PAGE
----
Are we going to sit and agree with the enemy? Are we going to agree with what the enemy is doing? Are we going to sit back and complain and murmur? Or are we going to speak life into this nation? Are we going to speak victory? Are we going to declare that God removes these unrighteous politicians, these corrupt, crooked politician, and installs righteous men and women of God?
These political figures are not the worst of it, even if they have the biggest mouthpieces. Vice’s recent piece on the fight against QAnon within Protestant churches, offering examples of Christian nationalism and of congregants stockpiling weapons and joining militias, showcases the danger. There’s the issue of pastors using YouTube to spread QAnon sayings, and pastors such as Greg Locke mixing anti-vaccine rhetoric with calls for violence. The link between QAnon and religion has never been secret—but when it filters out beyond the internet, beyond the churches, spreads among their adherents, including some who are mentally unbalanced, you get horror stories like that of Matthew Coleman, who murdered his children because of his QAnon beliefs.
This is not an apocalyptic movement that’s adhering to a central goal or theology. It’s one where very personal apocalypticisms, very personal conspiracy theories, lead to the murder of children.
While the PRRI survey found that it was Protestant denominations most likely to have incorporated QAnon beliefs, some branches of radical traditionalist Catholics maintain similar beliefs. Archbishop Carlo Maria Viganò, who had been apostolic nuncio to the United States and now writes conspiracy-laden tracts for the Remnant, an apocalyptic hate site that routinely attacks Pope Francis, gave a speech in July in which he called the modern world “the kingdom of the Antichrist where transhumanism challenges heaven and nature, in the eternal cry of the enemy, ‘Non serviam’ (I will not serve).” Archbishop Viganò further argued that “this rebellious world, enslaved to the devil—especially in those who govern it with power and money—is waging war on us and is preparing for a fierce and ruthless battle, while he intends to gather around himself as many allies as possible, even among those who prefer not to fight, out of fear or interest.” The apocalyptic fights over QAnon and Trump have begun to bleed over into other intra-Catholic disputes, like the fight over the Latin Mass. Readers of Viganò will have heard of his QAnon-like conspiracy theory, “the Great Reset.” And MAGA/Q Catholics certainly made their presence known on January 6th.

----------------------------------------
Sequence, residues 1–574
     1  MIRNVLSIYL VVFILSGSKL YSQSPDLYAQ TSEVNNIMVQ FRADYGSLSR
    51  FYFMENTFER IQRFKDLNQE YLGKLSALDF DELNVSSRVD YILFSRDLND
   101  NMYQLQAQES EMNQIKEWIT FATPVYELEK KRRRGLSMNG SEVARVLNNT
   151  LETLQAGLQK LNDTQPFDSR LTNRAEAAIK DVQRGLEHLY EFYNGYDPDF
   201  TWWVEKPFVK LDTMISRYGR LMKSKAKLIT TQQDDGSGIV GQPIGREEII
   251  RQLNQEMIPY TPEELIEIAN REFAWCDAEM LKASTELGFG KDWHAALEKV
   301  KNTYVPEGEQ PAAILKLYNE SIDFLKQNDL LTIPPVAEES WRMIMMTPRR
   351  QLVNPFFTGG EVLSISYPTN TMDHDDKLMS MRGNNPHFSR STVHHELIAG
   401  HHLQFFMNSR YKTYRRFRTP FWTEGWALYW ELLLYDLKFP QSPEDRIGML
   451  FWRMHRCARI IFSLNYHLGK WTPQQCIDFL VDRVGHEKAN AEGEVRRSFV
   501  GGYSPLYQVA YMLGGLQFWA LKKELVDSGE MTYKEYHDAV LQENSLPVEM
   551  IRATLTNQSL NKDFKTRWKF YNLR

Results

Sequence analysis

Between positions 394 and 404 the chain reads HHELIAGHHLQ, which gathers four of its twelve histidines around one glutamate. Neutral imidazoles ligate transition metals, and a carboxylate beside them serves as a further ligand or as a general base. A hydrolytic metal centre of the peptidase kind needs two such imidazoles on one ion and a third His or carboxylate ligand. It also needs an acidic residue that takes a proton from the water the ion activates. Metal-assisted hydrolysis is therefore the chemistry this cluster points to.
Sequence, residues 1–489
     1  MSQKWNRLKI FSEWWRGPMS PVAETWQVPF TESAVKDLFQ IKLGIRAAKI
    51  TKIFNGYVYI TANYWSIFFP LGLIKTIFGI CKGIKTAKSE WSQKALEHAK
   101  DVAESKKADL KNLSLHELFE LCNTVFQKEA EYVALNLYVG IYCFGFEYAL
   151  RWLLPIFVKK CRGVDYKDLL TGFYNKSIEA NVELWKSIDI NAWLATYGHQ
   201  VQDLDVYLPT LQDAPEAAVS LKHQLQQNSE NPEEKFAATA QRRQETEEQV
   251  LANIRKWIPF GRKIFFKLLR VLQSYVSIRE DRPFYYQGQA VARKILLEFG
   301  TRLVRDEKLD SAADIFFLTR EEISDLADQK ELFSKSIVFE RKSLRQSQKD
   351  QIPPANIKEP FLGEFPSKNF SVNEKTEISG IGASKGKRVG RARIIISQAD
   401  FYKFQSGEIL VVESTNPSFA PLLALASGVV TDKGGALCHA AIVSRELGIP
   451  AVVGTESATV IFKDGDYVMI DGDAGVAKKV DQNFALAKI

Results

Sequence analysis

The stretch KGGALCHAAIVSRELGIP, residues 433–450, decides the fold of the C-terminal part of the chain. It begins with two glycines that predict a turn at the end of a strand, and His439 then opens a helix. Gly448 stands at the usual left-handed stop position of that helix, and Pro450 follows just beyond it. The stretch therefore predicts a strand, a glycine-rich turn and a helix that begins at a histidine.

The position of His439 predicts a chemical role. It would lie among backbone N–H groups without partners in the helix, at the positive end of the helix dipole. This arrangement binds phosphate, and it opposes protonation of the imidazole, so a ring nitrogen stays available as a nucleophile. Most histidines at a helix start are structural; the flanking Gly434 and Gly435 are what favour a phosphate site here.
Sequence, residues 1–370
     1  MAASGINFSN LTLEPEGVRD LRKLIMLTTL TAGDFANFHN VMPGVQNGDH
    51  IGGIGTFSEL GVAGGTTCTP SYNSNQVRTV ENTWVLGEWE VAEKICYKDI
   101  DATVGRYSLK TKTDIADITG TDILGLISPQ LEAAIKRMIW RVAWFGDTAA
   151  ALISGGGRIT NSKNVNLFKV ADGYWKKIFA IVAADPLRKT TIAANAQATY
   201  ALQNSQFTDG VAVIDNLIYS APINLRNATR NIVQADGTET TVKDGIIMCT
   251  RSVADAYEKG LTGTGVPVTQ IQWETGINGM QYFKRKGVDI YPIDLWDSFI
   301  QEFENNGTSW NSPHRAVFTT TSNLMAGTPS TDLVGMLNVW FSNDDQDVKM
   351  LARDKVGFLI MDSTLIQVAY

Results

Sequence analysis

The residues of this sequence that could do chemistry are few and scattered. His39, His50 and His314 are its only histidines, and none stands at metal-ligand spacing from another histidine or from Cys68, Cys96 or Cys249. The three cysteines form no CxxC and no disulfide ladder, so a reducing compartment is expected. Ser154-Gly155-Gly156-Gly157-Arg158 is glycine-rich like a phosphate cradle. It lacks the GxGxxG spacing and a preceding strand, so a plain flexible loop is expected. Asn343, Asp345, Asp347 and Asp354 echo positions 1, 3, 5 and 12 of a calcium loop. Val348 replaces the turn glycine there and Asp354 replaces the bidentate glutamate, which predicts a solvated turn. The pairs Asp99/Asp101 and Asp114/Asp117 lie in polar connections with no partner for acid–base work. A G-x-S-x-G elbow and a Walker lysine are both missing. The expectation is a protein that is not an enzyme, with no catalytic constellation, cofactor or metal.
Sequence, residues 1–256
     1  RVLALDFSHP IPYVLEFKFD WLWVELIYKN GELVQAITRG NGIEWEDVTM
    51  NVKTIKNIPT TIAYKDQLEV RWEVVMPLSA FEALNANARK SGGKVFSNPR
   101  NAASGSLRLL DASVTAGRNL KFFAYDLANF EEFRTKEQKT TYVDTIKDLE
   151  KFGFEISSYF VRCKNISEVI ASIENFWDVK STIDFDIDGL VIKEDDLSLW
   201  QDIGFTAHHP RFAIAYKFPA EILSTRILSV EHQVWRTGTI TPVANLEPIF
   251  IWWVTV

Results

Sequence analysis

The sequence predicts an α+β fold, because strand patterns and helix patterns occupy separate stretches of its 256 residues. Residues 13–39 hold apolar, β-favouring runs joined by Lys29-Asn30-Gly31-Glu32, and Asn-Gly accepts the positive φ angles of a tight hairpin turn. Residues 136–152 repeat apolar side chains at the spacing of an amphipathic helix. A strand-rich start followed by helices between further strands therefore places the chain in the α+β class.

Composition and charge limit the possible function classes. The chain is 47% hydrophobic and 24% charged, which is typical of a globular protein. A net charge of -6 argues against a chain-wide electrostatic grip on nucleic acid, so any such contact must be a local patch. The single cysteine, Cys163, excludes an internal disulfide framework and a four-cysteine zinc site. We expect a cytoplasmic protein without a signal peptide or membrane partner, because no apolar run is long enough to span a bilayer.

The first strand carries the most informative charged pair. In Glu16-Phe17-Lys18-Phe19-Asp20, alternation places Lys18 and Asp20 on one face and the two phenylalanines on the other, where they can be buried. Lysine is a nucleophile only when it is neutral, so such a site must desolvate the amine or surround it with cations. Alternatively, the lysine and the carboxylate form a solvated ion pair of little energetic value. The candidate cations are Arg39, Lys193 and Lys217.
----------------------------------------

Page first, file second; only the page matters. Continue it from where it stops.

In the midst of all this, where is Trump? He has sought out ever more radical ground, spending part of the twentieth anniversary of the 9/11 attacks giving a virtual speech at the “Rally of Hope” event held by the Unification Church, the cult commonly known as the “Moonies.” He is not the only senior member of his administration to appear at their events—Mike Pence, Michael Pompeo, and Mark Esper were featured at a virtual rally by the Unification Church this past May. And the Unification Church had returned the favor—Hyung Jin “Sean” Moon, the son of the cult’s late founder, had campaigned for Trump and organized members to march on the Capitol on January 6th.
Sean Moon runs Rod of Iron Ministries, a gun church that uses AR-15s in its liturgy and ritual and has recently bought a 40-acre compound it dubbed “Liberty Rock” in central Texas, about 50 miles from Waco. The church’s Twitch stream often uses hashtags like #MAGA, #Trump, and, of course, #QAnon—while Sean Moon plans to take his own messianic kingship when America falls. This crazily radical group, technically separate from the Moonies although there is considerable overlap, sounds like it should be too far even for Trump—yet in October 2020 Steve Bannon spoke at the group’s “Freedom Festival” (and will again this coming weekend) and in 2016 Eric Trump attended the opening of the group’s Tommy Gun Warehouse (owned by Sean’s brother Justin Moon). Teddy Daniels, a pro-Trump congressional candidate from Pennsylvania, had Sean bless his campaign when he announced his run. Far from being marginalized, Rod of Iron has managed to become part of Trump’s world.
There is no way to know if Trump knew or cared about any of this when he agreed to speak at the Moonie rally on September 11—but if he did know, that means he intentionally chose to speak at a fringe movement that overlaps with one of the most militant, apocalyptic movements in the country. And as Trump continues his new “Save America” tour—with a name deliberately chosen to provoke fear and anger and to incite action—and presumably to runs for re-election as president (he will be in Des Moines, Iowa this coming Saturday), that combination of guns and God, by whatever means, will only further radicalize his adherents.
As time passes, and as apocalyptic prophecies of Trump’s occupation of the White House fail, the strength of the apocalyptic impulses around Trump does not seem to be diminishing. If anything, the reverse is true: it seems to be growing. The more egregiously that fringe groups are being courted and integrated into the body of true believers, the more that Trump’s faithful seem to become weirder, more dangerous, and more convinced that their apocalypse is coming. We can only hope that deradicalization efforts will be supported and be successful, but until then, the messianic fervor around Trump remains—and remains a threat.